Producer: Andrew Duncan, Alex Saks, Bill Holderman and Erin Simms
Director: Bill Holderman
Writer: Bill Hoderman and Erin Simms
Stars: Diane Keaton, Jane Fonda, Candice Bergen, Mary Steenburgen, Craig T. Nelson, Don Johnson, Andy Garcia, Richard Dreyfuss, Ed Begley, Jr., Wallace Shawn, Alicia Silverstone, Katie Aselton, Tommy Dewey and Mircea Monroe
Studio: Paramount Pictures
British filmmakers have prospered for years making pictures—and television shows—about members of the older generation engaging in life-affirming actions that often take a slightly naughty turn. Now there’s an American version of the premise that one’s twilight years can be golden ones in “Book Club,” about four ladies of a certain age, friends who have long discussed books every week. Together they read “Fifty Shades of Grey” and decide that its steamy message doesn’t apply only to the young. The movie proves that while the Brits have a knack for pulling off this sort of elder fantasy, we colonials lack the touch. It’s so bad that you might think that Garry Marshall had come back to life to direct it.
But no: the culprit is Bill Holderman, who not only helmed this misfire but co-wrote it with Erin Simms. For some reason a good cast signed up for their sitcom fluff. Diane Keaton plays Diane, a recently widowed woman whose helicopter daughters (Alicia Silverstone and Katie Aselton) are pressuring her to move out to Los Angeles to be close to them. Then there’s Vivian (Jane Fonda), a haughty, well-to-do hotelier who rejoices in her freedom to enjoy a stream of one-night stands without commitment. Carol (Mary Steenburgen) is happily married to just-retired Bruce (Craig T. Nelson), but is worried about their lack of intimacy. The last of the foursome is Sharon (Candice Bergen), a long-divorced federal judge who claims to be uninterested in any relationship but gets annoyed when her ex, Tom (Ed Begley, Jr.), takes up with a much younger woman (Mircea Monroe), and her son gets engaged.
So what’s the plot? Each of the four, inspired by “Shades” to do anything but the right choice—which would be to throw the book into a fire—finds romance. Even at seventy, it appears, every woman needs a man to make her life complete. For Diane, he’s Mitchell (Andy Garcia), whom she meets on a flight to L.A.; he immediately becomes an insistent suitor, and she ditches her daughters to spend time with him. Vivian finds her Romeo in Arthur (Don Johnson), an old flame from back in the day who shows up at her hotel; soon their passion is rekindled. Carol works on renewing her marriage, and ultimately succeeds. And Sharon goes on a dating site to check out candidates, eventually linking up with two (Richard Dreyfuss and Wallace Shawn). Eventually she chooses one.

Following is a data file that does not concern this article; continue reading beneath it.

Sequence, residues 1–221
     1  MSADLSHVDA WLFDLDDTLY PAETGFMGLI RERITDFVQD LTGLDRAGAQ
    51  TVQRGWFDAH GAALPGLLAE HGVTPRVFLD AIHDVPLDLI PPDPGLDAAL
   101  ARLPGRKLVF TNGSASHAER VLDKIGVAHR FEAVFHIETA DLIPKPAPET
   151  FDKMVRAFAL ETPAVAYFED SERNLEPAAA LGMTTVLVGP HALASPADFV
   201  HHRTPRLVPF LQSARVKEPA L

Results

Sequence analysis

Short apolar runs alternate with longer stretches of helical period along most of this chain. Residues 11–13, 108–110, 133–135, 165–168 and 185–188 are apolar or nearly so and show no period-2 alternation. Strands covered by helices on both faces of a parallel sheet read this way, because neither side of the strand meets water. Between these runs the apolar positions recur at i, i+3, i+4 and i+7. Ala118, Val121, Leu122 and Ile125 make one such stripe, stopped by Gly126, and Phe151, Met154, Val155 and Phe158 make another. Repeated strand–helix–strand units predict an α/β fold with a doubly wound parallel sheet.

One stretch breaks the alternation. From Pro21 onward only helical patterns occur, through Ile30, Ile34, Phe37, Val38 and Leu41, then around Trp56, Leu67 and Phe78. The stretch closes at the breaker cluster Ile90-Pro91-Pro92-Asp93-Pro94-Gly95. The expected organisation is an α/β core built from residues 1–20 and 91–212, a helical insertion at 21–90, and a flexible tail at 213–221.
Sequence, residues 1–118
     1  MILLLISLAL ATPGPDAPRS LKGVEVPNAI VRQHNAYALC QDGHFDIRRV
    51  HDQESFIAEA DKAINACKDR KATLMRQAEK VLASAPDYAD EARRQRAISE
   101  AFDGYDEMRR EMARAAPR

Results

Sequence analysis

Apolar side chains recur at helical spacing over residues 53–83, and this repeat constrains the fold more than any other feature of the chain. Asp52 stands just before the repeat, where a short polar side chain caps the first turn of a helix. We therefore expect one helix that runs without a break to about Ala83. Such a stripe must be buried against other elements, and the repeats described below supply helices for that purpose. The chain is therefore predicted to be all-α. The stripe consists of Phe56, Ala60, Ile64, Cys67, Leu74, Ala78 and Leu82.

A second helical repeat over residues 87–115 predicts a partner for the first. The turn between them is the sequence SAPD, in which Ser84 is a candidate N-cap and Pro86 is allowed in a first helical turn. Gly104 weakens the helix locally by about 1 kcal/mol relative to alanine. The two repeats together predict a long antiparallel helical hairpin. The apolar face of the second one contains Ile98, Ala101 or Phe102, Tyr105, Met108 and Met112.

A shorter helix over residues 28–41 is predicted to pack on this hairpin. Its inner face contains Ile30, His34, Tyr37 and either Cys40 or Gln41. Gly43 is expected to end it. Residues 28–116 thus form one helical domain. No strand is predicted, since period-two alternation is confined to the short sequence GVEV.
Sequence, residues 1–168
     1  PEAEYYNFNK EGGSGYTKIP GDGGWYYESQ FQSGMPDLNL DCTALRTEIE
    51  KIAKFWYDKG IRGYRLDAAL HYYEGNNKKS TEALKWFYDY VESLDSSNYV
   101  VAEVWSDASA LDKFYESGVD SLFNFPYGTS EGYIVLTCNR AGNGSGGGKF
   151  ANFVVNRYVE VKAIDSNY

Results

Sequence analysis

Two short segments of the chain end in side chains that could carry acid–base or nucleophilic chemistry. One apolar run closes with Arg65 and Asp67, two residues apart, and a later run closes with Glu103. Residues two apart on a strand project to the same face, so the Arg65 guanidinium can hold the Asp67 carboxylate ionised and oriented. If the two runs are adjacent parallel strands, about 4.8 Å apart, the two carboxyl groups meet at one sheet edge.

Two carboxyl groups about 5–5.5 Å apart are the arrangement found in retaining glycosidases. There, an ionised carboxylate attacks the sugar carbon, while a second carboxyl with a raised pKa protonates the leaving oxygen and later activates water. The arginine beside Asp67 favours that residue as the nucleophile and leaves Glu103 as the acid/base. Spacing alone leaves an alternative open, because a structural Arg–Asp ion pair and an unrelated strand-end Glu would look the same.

As the screenplay jumps from one of these romantic threads to another, it shamelessly resorts to sitcom cliché after sitcom cliché, willing even to descend to a sequence based on the unanticipated effects of Viagra. There are, of course, obstacles to happiness to be overcome by each of the women, and they all do so in ways more likely to evoke grimaces than smiles. One has to feel sorry for the actresses as they go through the paces demanded of them; they’re all talented pros, after all, and you feel a degree of embarrassment for what they endure here. The slapstick is bad enough—Keaton and Fonda suffer most in that regard—but even worse are the serious speeches they must eventually give about the life lessons their experience has taught them. Bergen, and poor Keaton again, are the primary victims in that respect. As for Steenburgen, she’s lucky enough to get by with just a goofy dance routine at a local charity fundraiser.
There is some consolation, however, in the fact that the movie isn’t misogynist: it treats most of the male stars as badly it does the female leads. Dreyfuss gets the worst of it, especially in a scene where he appears in a state of undress, but Nelson is stuck with the Viagra sequence—and you can predict what that involves. By contrast Garcia and Johnson are allowed to slide by on their dubious charms.
“Book Club” is no visual treat, either. As shot by Andrew Dunn, the settings are attractive enough (though some of the outdoor shots have a doctored feel), and Shay Cunliffe’s costumes are designed to flatter the leading ladies; but overall the film has a flat, stagey look. Peter Nashel’s bubbly score doesn’t help matters, either.
One final point about “Book Club”: it’s hard to recall another recent film in which alcohol plays so major a role. These women constantly have a glass of wine in their hands, and they guzzle it with relish. Apparently a man isn’t all they need. But this quirk may be a useful hint to potential viewers: if you want to get through this movie, it would help to down a few stiff drinks beforehand.